“▪
Financial assistance towards the purchase of a vehicle would be at ACC's discretion. 
She may be required to submit a record of vehicle maintenance and a comprehensive report outlining the mechanical condition of the 2001 Mitsubishi RVR prior to the sale. ”
[10]
After subsequently clarifying with Mr Peacock that the vehicle design features he identified could “be found on some factory standard vehicles” Ms Townshend wrote to Ms Knight on 5 June 2015 declining her application and advising in particular: 
“Your current need for a vehicle appears primarily non-injury related and rather reflects a generic need for transportation. While you have some mobility considerations (for example your use of a wheelchair and limited mobility with your left knee) these do not reflect injury related needs and the Transport for Independence Report we obtained identified that a standard vehicle will meet your needs. ACC can only consider the funding of a vehicle when there is both a need and this need is due to a covered injury. 
Additionally, we're unable to approve your application because the vehicle which you disposed of was meeting your injury related needs. Both the assesssor and yourself have confirmed this. 
You asked me to provide the relevant sections of the Act, these follow: 
Accident Compensation Act 1001, schedule 1, part 1 clause 22(1)(b): 
The Corporation is not required to purchase, or contribute to the purchase of a motor vehicle if the claimant, or person proposing to transport the claimant disposed of a vehicle, after the claimant's personal injury, that may have been able to be modified in order to assist in restoring the claimant's independence. 
Accident Compensation Act 2001, schedule 1, part 1 clause 22(2)(b) 
The Corporation is not required to meet the cost of maintenance or repair of a vehicle or modification to a vehicle, or registration, insurance, or other running costs. ”
[11]
Mr Knight challenged the decision but it was upheld at review, and Ms Knight has now appealed. 
Transport for Independence 
[12]
The vehicle sought by Ms Knight comes within the definition of ‘transport for independence’ defined in clause 12 of Schedule 1 to the Accident Compensation Act 2001 as being: 
transport for independence— 
(a)
means assistance with the cost of, for example,— 
(i)
escorted travel by vehicle: 
(ii)
modifying a vehicle: 
(iii)
purchasing a vehicle: 
(iv)
travelling by public transport: 
(v)
travelling by taxi; and 
(b)
includes driver's licence retraining, for a claimant who previously had a driver's licence. ”
[13]
Transport for independence forms one of the eight categories known as “the key aspect of social rehabilitation” in terms of s 81(1) of the Act. Section 81(3) provides that the Corporation is liable to provide a key aspect to social rehabilitation to a claimant if the conditions in s 81(4) are met. Those conditions are that:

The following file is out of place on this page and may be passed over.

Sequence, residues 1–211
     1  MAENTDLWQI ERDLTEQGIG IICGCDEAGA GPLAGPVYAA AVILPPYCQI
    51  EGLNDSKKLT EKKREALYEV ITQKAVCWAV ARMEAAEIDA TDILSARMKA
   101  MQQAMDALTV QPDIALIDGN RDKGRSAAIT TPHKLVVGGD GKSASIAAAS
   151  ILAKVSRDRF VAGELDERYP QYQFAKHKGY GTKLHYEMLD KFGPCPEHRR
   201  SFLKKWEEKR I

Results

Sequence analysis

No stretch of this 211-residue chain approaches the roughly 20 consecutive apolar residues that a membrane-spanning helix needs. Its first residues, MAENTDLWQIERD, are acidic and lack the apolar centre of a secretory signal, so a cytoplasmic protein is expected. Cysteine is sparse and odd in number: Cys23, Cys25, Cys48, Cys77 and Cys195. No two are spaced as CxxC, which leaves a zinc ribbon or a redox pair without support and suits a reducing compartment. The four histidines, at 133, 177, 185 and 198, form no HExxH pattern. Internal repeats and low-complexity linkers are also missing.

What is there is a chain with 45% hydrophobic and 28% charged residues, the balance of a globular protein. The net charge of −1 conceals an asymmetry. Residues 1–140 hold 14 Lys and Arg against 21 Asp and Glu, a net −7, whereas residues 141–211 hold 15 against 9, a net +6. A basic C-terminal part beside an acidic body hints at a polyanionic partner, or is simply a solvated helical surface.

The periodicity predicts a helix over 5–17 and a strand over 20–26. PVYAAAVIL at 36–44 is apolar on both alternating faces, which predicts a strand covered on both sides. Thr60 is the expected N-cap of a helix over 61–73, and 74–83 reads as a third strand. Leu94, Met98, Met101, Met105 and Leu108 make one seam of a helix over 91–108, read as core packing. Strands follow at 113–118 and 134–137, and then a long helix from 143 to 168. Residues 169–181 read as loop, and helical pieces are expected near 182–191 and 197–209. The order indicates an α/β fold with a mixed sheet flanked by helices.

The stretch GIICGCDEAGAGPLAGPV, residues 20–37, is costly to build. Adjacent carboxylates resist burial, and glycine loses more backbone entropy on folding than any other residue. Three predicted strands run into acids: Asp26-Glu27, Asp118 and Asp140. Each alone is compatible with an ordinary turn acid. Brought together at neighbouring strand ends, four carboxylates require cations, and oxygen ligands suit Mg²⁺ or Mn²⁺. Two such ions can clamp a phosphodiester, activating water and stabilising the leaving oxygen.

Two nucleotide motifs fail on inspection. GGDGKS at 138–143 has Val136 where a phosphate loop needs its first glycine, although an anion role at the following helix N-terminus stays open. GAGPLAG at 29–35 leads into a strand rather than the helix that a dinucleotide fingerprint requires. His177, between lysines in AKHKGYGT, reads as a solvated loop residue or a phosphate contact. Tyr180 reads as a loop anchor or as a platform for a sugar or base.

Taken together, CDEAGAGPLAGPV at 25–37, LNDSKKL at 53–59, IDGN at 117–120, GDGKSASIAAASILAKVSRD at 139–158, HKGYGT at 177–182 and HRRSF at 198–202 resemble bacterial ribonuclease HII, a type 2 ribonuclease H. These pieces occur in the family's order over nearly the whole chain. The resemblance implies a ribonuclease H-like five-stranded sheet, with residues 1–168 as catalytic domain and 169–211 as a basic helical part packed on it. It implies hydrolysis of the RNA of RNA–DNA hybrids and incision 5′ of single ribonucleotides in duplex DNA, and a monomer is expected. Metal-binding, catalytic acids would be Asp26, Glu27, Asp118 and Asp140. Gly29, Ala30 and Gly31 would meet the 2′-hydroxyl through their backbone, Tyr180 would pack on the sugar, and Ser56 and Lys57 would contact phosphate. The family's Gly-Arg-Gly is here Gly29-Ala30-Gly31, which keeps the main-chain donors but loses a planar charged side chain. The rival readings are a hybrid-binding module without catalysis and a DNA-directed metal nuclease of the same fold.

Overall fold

“81
Corporation's liability to provide key aspects of social rehabilitation 
 
(4)
The conditions are— 
(a)
a claimant is assessed or reassessed under section 84 as needing the key aspect; and 
(b)
the provision of the key aspect is in accordance with the Corporation's assessment of it under whichever of clauses 13 to 22 of Schedule 1 are relevant; and 
(c)
the Corporation considers that the key aspect— 
(i)
is required as a direct consequence of the personal injury for which the claimant has cover; and 
(ii)
is for the purpose set out in section 79; and 
(iii)
is necessary and appropriate, and of the quality required, for that purpose; and 
(iv)
is of a type normally provided by a rehabilitation provider; and 
(d)
the provision of the key aspect has been agreed in the claimant's individual rehabilitation plan, if a plan has been agreed. ”
[14]
In terms of s 81(4)(a), s 84 of the Act provides that the following matters are to be taken into account in any assessment or reassessment: 
“84
Assessment and reassessment of need for social rehabilitation 
 
(4)
The matters to be taken into account in an assessment or reassessment include— 
(a)
the level of independence a claimant had before suffering the personal injury: 
(b)
the level of independence a claimant has after suffering the personal injury: 
(c)
the limitations suffered by a claimant as a result of the personal injury: 
(d)
the kinds of social rehabilitation that are appropriate for a claimant to minimise those limitations: 
(e)
the rehabilitation outcome that would be achieved by providing particular social rehabilitation: 
(f)
the alternatives and options available for providing particular social rehabilitation so as to achieve the relevant rehabilitation outcome in the most cost effective way: 
(g)